Additionally, VMs make the licensing costs moot as well. If a piece of specialty software requires Windows server,... It requires Windows server. You can just create a VM to handle that. Then, you can have multiple VMs working on the same hardware, which CAN often reduce costs (less hardware, or hardware getting used more efficiently). But that begs the question of Windows server expansion versus Linux server expansion ... Are they really happening at the expense of one another?! I would argue no... I would argue it's just more VMs getting used, so licenses being purchased, but the server environment being more dynamic and multi-platform.

In other words, the answer to the question, "Does your organization use Linux Servers or Windows Servers?" is often,... "Yes..."
 
Old 10-03-2012, 11:04 AM   #7
schneidz
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i dont think this is anything new. this is taken from wikipedia (which is hosted on linux -- other popular linux hosted websites include: google, facebook, twitter, linkedin, ... practically every major website):
http://en.wikipedia.org/wiki/Server_%28computing%29
Quote:
Windows and Mac OS X server operating systems are deployed on a minority of servers, as are other proprietary mainframe operating systems, such as z/OS. The dominant operating systems among servers are UNIX-based or open source kernel distributions, such as Linux (the kernel).[citation needed]

Last edited by schneidz; 10-03-2012 at 11:08 AM.
 
Old 10-03-2012, 11:52 AM   #8
Soadyheid
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I believe there's a small company called Google that uses Linux exclusively (I may well be wrong!) but I'm sure I read somewhere that if you wanted to run a Window's desktop you needed permission from the CEO!!! This after some email hacking issues.

Hmmm... I'm not sure I believe my statement so someone correct me!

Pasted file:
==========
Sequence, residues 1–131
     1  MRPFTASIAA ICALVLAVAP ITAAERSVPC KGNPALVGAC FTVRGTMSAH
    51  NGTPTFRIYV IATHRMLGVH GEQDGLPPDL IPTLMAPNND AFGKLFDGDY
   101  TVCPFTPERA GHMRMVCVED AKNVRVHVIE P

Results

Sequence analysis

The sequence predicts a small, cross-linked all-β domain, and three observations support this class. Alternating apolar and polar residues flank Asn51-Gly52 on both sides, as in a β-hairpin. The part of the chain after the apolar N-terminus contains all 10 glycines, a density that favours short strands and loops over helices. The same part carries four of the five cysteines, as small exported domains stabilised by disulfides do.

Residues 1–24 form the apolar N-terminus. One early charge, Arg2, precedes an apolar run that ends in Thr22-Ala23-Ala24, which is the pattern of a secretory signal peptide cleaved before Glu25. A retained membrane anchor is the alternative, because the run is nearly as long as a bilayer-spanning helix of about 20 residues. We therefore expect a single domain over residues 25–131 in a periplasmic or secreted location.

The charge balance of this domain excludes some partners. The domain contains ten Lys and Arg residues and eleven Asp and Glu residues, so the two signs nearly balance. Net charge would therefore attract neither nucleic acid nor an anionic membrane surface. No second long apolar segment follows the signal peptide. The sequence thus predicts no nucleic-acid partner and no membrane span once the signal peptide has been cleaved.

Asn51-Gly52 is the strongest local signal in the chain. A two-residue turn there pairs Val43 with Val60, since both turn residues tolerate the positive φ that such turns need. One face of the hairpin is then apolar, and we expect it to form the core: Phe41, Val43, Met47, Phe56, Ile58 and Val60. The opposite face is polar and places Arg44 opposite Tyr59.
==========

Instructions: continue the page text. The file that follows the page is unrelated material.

Play bonny!
 
Old 10-04-2012, 01:38 AM   #9
guyonearth
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I would agree that Linux will grow the fastest by number of machines. However, traditional Unix and Windows are the big revenue generators per seat/license. Vendors aren't going to give up when there's money to be made. IBM has had decent success with it's flavors of Unix even in a very competitive environment, and Windows server is a huge moneymaker for Microsoft. MS has shown that it can be flexible on pricing when it sees a need to be, so I don't count them out by any means, and they've got a massive sales army that knows it's stuff. There are literally millions of small businesses that run Windows applications that use shared databases and such on small servers, and that will remain a core market for Microsoft. Switching these smaller businesses, which often don't have much in the way of on-site IT over to Linux is a very tough nut to crack.

Quote:
I believe there's a small company called Google that uses Linux exclusively (I may well be wrong!) but I'm sure I read somewhere that if you wanted to run a Window's desktop you needed permission from the CEO!!! This after some email hacking issues.
That's more a philosophical thing, than anything else. While Windows can be a security nightmare in a large organization, this is due to user malfeasance more than any problem with Windows...Windows just has so much more mischief you can get in to with it. I'm sure Google has plenty of Windows machines running in their dev department, since that is by far the predominant desktop platform Google software runs on.

Last edited by guyonearth; 10-04-2012 at 01:42 AM.